Nine Green Teas To Explore
Americans are discovering that green tea – a drink made from the unoxidized leaves of the Camellia sinensis plant – is a vital part of an anti-inflammatory diet, which contributes to a healthy lifestyle and promotes healthy aging. The most important polyphenol in tea is EGCG (epigallocatechin gallate), a potent antioxidant that probably contributes to the protective cardiovascular and neurological effects reported in many studies.
But people who are new to green tea sometimes dislike the flavor. For them, the answer is not to give up on green tea, but rather to try another type. The world of Japanese green tea is vast, with literally thousands of varieties, each featuring subtle differences in taste and aroma. Connoisseurs can spend a lifetime exploring them, but that’s not necessary for most of us. All we need to do is try some samples of the nine basic types below. Many are available at natural foods stores, and even supermarkets are starting to stock different varieties:
1. Matcha is the quintessential experience of Japanese green tea. It is made from skillfully cultivated, shade-grown tea leaves that have been meticulously stone-ground into a fine powder. To prepare, take a teaspoon of bright green, powdered matcha tea and stir it vigorously with hot water using a bamboo whisk. Because it is made from the entire tea life, matcha bursts with a bold, rich herbaceous flavor in the mouth. It is traditionally served with delicately flavored sweets to balance this intense taste. (See a video presentation on how to prepare matcha tea.)
2. Sencha refers to a broad category of loose leaf green tea meant to be infused. Senchas can range from simple, unassertive teas that may be enjoyed daily to more bold teas. In general, the top few tea leaves from the shoot are used since they are rich in flavor. The finished tea may consist of small, almost powdery particles, or long, delicate, slender stands. For the best balance of flavor and color, many senchas are a mix of leaves of different sizes and shapes. The final brew will be yellow-green to a deeper green in color. The taste may be a mellow with a hint of maize or wildflower to lively and herbaceous with a palate-cleansing astringency. Often times, the leaves are deeply steamed to create a bolder sencha known as fukamushi-cha.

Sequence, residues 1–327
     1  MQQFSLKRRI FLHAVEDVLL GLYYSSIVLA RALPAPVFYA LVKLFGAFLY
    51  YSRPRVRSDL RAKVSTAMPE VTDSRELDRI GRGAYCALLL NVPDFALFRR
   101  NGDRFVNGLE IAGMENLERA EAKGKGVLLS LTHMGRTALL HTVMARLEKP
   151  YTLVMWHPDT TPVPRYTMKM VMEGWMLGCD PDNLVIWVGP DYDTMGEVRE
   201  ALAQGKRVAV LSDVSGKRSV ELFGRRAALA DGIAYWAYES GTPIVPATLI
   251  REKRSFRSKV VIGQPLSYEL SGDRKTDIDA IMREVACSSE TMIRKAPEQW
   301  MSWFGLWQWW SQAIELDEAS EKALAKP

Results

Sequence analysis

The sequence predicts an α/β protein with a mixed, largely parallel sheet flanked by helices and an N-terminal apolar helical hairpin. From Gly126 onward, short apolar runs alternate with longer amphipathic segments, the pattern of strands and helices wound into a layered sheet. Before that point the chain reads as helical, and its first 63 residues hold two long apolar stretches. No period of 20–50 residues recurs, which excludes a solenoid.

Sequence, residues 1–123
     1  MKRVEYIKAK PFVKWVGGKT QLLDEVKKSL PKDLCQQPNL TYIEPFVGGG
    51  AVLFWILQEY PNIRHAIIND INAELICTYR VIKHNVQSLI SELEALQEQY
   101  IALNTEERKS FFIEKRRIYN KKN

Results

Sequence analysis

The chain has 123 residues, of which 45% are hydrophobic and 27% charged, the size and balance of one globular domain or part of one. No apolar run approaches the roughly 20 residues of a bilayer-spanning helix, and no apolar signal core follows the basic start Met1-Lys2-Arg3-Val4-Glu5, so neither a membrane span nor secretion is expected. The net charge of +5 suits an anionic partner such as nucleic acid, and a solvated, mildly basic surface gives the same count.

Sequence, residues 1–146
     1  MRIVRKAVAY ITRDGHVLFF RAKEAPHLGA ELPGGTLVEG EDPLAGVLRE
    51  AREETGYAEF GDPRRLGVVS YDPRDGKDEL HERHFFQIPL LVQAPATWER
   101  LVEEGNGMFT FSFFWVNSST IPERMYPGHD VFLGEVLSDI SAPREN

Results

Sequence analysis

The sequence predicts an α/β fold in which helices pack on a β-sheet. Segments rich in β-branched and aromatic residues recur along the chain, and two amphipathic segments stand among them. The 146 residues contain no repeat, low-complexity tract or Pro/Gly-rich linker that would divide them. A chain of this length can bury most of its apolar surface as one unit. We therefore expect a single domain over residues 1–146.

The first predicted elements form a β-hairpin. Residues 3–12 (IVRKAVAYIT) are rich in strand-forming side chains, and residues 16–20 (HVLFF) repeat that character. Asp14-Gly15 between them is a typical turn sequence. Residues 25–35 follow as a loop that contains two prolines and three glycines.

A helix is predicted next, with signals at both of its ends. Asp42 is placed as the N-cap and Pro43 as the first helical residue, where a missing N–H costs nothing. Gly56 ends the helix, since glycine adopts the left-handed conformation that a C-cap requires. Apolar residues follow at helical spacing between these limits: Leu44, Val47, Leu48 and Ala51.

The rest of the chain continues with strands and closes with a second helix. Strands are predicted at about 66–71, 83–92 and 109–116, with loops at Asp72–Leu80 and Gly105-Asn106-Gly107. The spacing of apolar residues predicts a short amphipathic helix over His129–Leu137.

3. Gyokuro means “jade dew,” referring to the deep green color of its leaves. An elaborated form of sencha, its leaves are meticulously shade-grown in the same manner as leaves for matcha. The shading creates a tea that is intensely rich in flavor and low in astringency. The intense labor behind gyokuro makes it one of Japan’s most expensive kinds of tea.
4. Kabusecha is similar to gyokuro in that it is also shade-grown, but for a shorter length of time. Its flavor lies between sencha and gyokuro, offering a mild sweetness and depth of character.
5. Bancha is made from more mature leaves than sencha, picked during a later harvest season. While not as complex as sencha, it is mellow and easy drinking. Moreover, it is low in caffeine yet high in antioxidants, making it an ideal daily tea.
6. Genmaicha is one of the most popular Japanese green teas. It consists of a mix of roasted rice and either sencha or bancha tea. The roasted rice imparts a warm, toasty flavor to the vigor of green tea, creating a smooth overall taste. Genmaicha’s popularity grew out of the lean war years when the scarce fresh tea available was mixed with rice.
7. Hojicha takes its name from is the combination of the Japanese terms hoji, “roasted,” and cha, “tea.” The story behind hojicha is that a Kyoto tea merchant had an excess stock of green tea that he was an unable to sell off. Instead of wasting his stock, he roasted the leaves to quick public acclaim. To create hojicha, finished tea leaves or stems are roasted for a few minutes, turning them a dark brown. The result is a smooth tea with no astringency – making it ideal with meals.
8. Kukicha is a tea made mainly of stems, or kuki. Its flavor is vibrant but mild in astringency. It is important to note that the kukicha referred to in macrobiotic circles is actually hojicha made from stems.
9. Konacha is made from from fine, powdery tea leaves. It brews a vibrant green and yields a clean, brisk taste. Because it cleans the palate well, it is often the tea of choice to serve with sushi.